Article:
The Death of Small Caps?

Haven't you heard? Small-cap investing is done. Kaput. Finito. You can't consult the media without stumbling on a pundit calling for small caps to underperform their larger counterparts because of "disappearing valuation gaps," "tighter credit conditions," or being at the "tail end of the economic cycle."

The contrarian would suggest that if the experts are aligned against a particular position, it may be time to consider taking a counterstance. However, I'll not go down that road simply because I've got two "timing-independent" reasons not to care about what the financial media is saying.

Businesses, not asset classes
We don't recommend "small caps" simply because they're small caps at our Motley Fool Hidden Gems research service. A company's size is pretty unimportant in the grand scheme of things, and a sub-$1 billion market value does not a bargain make. Instead, we buy shares of individual businesses, seeking out specific characteristics in those businesses. When we find the truly special, we're prepared to hold for the long term. And that long-term horizon is our secret weapon (as you'll see in a moment).

But what if they're right?
Are there market cycles when one asset class does better than another? Sure. In aggregate, smaller companies tend to do better in early -- i.e., growth -- stages of the economic cycle. Toward the end (where we supposedly now sit), investors lose their nerve and pile into the safety of large caps, particularly those with dividends. But remember, we don't do asset classes -- we do businesses. Large companies are fine to anchor your portfolio. I personally believe Wal-Mart (NYSE: WMT  ) and Home Depot (NYSE: HD  ) offer compelling values, but their days of multibagger performance are done.

On the other hand, short-term small-cap "underperformance" doesn't scare me. Why? If I'm going to be putting new money into stocks for at least the next three decades, I want lower prices for those special businesses. And even better, I want to repeatedly buy more shares in quality companies, taking to heart Peter Lynch's admonition that the best stock to buy may be one I already own.

Keep your eyes on the prize
OK, great. You're buying great businesses, holding long-term, and adding more shares at advantageous prices. But how are you defining those great businesses?

Glad you asked. We scour the small-cap universe for companies helmed by smart, passionate, properly incentivized management teams, ideally with substantial personal stakes in their own companies. We look for companies generating copious and sustainable free cash from their operations, giving them lots of options for growing the business or returning excess cash to shareholders. And we seek companies that dominate their niche, no matter how boring that niche might seem to the Wall Street crowd.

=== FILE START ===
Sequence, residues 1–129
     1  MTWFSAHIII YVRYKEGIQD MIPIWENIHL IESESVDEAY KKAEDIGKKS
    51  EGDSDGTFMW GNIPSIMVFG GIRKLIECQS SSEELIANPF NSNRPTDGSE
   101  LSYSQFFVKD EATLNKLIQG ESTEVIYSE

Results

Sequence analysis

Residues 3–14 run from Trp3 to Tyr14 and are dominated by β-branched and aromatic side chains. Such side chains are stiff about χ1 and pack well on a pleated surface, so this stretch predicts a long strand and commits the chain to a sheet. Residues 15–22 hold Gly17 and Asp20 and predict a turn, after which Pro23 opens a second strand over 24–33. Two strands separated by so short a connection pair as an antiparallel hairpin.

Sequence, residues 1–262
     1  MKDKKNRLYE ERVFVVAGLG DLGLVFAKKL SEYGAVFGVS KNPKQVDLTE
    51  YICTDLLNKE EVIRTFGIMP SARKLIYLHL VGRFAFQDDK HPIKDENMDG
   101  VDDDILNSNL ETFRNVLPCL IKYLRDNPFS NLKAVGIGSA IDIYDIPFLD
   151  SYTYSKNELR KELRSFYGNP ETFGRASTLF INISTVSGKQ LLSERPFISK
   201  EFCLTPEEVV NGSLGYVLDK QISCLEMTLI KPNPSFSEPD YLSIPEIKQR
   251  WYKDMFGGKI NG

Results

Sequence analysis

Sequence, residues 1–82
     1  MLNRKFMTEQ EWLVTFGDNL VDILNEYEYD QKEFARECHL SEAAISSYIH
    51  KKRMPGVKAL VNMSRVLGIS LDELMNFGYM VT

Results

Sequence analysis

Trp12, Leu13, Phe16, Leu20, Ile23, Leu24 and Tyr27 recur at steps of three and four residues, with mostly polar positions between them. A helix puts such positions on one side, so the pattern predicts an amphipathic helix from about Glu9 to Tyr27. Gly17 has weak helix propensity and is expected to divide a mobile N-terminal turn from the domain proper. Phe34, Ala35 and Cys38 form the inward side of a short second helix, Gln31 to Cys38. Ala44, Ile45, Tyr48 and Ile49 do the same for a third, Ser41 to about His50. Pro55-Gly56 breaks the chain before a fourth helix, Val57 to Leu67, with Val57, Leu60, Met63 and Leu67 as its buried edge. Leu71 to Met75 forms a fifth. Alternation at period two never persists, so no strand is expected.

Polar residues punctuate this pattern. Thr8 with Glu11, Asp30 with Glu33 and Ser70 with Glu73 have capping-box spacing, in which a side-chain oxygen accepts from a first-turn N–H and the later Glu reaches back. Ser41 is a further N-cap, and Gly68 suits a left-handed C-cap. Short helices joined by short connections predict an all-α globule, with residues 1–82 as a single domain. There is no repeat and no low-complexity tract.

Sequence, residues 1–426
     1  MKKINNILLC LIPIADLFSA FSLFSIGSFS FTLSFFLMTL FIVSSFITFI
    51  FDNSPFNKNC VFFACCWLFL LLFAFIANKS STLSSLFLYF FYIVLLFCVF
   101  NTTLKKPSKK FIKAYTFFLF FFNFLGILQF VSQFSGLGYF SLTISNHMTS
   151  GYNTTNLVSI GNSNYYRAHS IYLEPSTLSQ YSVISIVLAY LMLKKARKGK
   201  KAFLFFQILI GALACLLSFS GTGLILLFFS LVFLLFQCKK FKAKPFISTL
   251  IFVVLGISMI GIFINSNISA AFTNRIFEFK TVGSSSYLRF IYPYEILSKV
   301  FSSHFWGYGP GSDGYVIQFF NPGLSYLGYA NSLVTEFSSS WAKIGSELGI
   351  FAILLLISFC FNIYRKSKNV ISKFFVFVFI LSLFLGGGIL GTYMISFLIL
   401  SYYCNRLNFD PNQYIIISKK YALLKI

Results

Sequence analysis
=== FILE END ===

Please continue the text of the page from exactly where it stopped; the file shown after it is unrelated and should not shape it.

Enough groundwork. Want some names? How about electronic medical record (EMR) software provider Quality Systems (Nasdaq: QSII  ) , which flourishes in a young market and generates abundant free cash, carries no debt, and has paid special dividends to shareholders in each of the past two years? Or footwear purveyor DeckersOutdoor (Nasdaq: DECK  ) , which features expert brand managers and strong cash flows? And the kicker to confound the talking heads -- nothing says you have to invest in the U.S. small caps that they're down on. Consider Mexican airport operator GrupoAeroportuario del Pacifico (NYSE: PAC  ) , which recently went public and has a monopolistic lock on its markets (it's hard to build a competing airport next door), or Chinese travel coordinator Ctrip.com (Nasdaq: CTRP  ) .

A model of success
The long-term small-cap growth story can be summarized in a case study. Twenty years ago, a small four-year-old software company went public with a market value barely exceeding $100 million. Its mission? To revolutionize processes for delivering engaging print, and later visual images, to anyone. The young co-founders were relentless in pursuit of their niche and widened their reach as they grew by deploying free cash into new business. Yet the company remained a small cap for the next seven years, and suffered several precipitous price drops along the way.

Two decades later, the co-founders (a little rounder, to be sure) continue to helm the company, free cash generation has been at double-digit margins for nearly their entire public history, and the company's products are dominant today. I'm talking about Adobe Systems (Nasdaq: ADBE  ) , a 142-bagger since its 1986 IPO.

The characteristics that made Adobe great are what we're seeking out in small caps today. Come join us free for 30 days and enjoy unfettered access to every aspect of our small-cap Hidden Gems investing service -- including research, daily updates, and discussion boards -- by clicking here. Our picks are beating the market by some 17 percentage points, and you're not under any obligation to subscribe.

Fool contributor Jim Gilliesowns no shares of any company mentioned. Deckers, Ctrip.com, and Grupo Aeroportuario del Pacifico are Hidden Gems recommendations. Wal-Mart and Home Depot are Inside Value recommendations. Quality Systems is a Stock Advisor recommendation. The Fool has a disclosure policy.


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